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Transient ischaemic attacks

Background knowledge ๐Ÿง 


  • Transient ischaemic attack (TIA) is a temporary period of neurological dysfunction caused by focal brain, spinal cord, or retinal ischaemia without acute infarction
  • Symptoms usually last less than 24 hours and often resolve within an hour
  • TIA is a warning sign of potential future stroke


  • Incidence: Approximately 50 per 100,000 person-years
  • More common in older adults, particularly those over 60 years
  • Higher prevalence in males compared to females
  • Risk factors include hypertension, diabetes, smoking, hyperlipidaemia, and atrial fibrillation

Aetiology and Pathophysiology

  • Atherosclerosis (most common cause)
  • Embolism (from heart or extracranial arteries)
  • Small vessel disease
  • Hypercoagulable states
  • Pathophysiology: transient reduction in blood flow to the brain, leading to temporary neurological deficits

Clinical Features ๐ŸŒก๏ธ


  • Sudden onset of focal neurological deficits
  • Weakness or numbness of face, arm, or leg (typically one side)
  • Dysphasia (difficulty speaking)
  • Visual disturbances (e.g., monocular blindness, hemianopia)
  • Dizziness, loss of balance or coordination
  • Symptoms resolve within 24 hours


  • Transient neurological signs (weakness, numbness, speech difficulties)
  • Normal neurological examination between episodes
  • Possible carotid bruit on auscultation
  • No permanent neurological deficits

Investigations ๐Ÿงช


  • CT or MRI brain to rule out stroke or other pathology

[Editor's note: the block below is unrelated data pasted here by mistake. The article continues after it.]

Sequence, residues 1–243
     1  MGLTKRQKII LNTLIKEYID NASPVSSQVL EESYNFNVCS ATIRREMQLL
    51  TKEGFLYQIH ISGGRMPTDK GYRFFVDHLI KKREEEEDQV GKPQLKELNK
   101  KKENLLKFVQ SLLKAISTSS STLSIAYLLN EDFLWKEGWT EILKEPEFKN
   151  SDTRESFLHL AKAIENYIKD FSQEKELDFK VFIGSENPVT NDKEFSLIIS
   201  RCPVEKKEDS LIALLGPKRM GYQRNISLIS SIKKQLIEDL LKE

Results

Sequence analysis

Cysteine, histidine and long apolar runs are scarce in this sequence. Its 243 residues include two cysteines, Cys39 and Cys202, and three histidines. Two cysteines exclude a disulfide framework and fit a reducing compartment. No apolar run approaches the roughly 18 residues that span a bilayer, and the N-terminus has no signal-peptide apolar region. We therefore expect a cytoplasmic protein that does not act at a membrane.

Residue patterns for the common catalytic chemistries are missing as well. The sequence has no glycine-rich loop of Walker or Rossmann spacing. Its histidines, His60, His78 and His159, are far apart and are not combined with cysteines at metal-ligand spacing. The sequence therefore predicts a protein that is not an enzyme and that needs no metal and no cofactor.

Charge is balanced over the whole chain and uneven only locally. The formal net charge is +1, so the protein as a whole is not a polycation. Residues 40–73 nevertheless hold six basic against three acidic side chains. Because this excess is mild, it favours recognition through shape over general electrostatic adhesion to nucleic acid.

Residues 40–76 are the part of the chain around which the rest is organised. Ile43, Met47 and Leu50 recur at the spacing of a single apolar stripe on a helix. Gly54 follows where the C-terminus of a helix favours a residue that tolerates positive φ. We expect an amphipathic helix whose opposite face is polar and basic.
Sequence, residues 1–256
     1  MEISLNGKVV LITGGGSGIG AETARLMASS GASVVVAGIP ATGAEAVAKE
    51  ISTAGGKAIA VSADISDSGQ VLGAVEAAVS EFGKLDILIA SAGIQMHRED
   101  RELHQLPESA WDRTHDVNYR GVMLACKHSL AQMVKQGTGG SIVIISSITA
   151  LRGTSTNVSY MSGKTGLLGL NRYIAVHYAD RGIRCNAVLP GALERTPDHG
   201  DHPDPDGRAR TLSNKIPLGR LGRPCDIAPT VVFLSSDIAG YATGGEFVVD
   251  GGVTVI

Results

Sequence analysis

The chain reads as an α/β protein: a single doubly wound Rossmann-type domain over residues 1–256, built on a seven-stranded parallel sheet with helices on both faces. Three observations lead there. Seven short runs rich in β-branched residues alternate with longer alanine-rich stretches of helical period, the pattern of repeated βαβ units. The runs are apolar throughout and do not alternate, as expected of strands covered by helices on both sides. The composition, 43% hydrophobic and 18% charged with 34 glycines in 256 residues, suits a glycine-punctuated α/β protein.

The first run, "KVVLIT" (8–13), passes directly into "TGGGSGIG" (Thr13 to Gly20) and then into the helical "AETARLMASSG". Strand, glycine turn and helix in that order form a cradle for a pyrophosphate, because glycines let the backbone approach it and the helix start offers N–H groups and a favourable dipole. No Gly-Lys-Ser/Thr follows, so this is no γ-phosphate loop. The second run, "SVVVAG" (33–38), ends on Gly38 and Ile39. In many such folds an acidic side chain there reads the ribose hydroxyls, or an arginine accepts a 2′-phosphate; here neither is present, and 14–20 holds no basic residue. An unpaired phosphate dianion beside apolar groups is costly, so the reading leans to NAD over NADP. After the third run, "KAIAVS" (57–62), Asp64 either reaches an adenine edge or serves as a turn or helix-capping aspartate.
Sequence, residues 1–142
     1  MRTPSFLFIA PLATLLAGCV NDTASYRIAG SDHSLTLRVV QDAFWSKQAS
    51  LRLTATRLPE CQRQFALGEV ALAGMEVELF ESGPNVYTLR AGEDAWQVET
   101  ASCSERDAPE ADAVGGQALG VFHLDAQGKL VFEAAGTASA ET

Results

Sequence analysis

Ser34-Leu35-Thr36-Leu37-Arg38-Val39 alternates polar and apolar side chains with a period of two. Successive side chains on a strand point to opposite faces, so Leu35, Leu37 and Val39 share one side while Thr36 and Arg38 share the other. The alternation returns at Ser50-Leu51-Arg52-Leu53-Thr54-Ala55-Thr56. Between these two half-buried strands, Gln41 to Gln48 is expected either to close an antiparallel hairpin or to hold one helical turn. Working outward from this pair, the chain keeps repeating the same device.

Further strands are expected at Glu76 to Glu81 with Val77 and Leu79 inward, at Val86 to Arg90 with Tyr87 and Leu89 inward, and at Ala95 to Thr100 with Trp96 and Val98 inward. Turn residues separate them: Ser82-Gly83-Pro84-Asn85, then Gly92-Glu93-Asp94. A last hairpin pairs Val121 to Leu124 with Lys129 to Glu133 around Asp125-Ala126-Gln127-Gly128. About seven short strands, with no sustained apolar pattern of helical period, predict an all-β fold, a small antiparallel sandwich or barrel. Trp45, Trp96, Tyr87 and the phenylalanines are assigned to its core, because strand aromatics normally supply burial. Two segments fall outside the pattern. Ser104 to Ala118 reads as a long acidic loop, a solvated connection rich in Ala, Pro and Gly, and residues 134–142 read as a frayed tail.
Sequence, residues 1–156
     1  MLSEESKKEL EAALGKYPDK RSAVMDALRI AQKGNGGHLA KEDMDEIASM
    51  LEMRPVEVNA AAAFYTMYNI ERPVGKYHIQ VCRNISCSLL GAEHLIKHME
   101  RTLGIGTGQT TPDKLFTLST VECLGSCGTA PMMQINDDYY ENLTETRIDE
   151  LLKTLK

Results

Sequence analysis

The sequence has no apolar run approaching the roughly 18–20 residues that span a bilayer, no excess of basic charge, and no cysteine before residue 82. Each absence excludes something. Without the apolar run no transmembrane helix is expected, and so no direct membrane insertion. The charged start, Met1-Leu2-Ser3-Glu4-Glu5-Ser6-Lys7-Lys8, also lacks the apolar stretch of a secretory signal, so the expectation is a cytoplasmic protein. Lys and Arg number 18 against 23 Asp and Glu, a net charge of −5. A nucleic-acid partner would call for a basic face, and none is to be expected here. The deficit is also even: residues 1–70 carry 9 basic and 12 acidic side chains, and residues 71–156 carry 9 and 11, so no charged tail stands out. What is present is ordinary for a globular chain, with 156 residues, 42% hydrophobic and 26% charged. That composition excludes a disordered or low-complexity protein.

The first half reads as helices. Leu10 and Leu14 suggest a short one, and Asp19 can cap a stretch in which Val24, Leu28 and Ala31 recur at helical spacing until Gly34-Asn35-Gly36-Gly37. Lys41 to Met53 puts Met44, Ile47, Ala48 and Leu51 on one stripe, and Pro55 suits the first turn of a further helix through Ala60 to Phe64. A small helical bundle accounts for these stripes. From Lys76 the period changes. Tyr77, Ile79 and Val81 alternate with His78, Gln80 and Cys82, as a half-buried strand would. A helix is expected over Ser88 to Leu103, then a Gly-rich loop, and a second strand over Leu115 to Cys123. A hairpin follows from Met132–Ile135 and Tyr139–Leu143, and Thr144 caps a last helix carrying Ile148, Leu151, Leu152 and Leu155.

• Carotid Doppler ultrasound to assess for stenosis
  • ECG to detect atrial fibrillation
  • Echocardiography if embolic source suspected
  • Blood tests: full blood count, glucose, lipids, clotting profile
  • Consider Holter monitor for intermittent arrhythmias

Management ๐Ÿฅผ


  • Immediate assessment and management to prevent stroke
  • Antiplatelet therapy (e.g., aspirin, clopidogrel)
  • Anticoagulation if atrial fibrillation present (e.g., DOACs)
  • Carotid endarterectomy if significant carotid stenosis
  • Management of risk factors (e.g., hypertension, diabetes, hyperlipidaemia)
  • Lifestyle modifications (smoking cessation, exercise, diet)


  • Increased risk of stroke within the first 48 hours
  • Recurrent TIAs
  • Permanent neurological deficits if progression to stroke
  • Cardiovascular complications (e.g., myocardial infarction)
  • Decreased quality of life due to anxiety about recurrence


  • High risk of stroke, especially within the first 48 hours after TIA
  • Long-term prognosis depends on underlying aetiology and risk factor management
  • Proactive management can reduce risk of future strokes
  • Regular follow-up and monitoring are essential

Key Points

  • TIA is a medical emergency and predictor of stroke
  • Rapid assessment and management are crucial
  • Management focuses on preventing future strokes
  • Control of risk factors and lifestyle modifications are essential
  • Multidisciplinary approach improves outcomes

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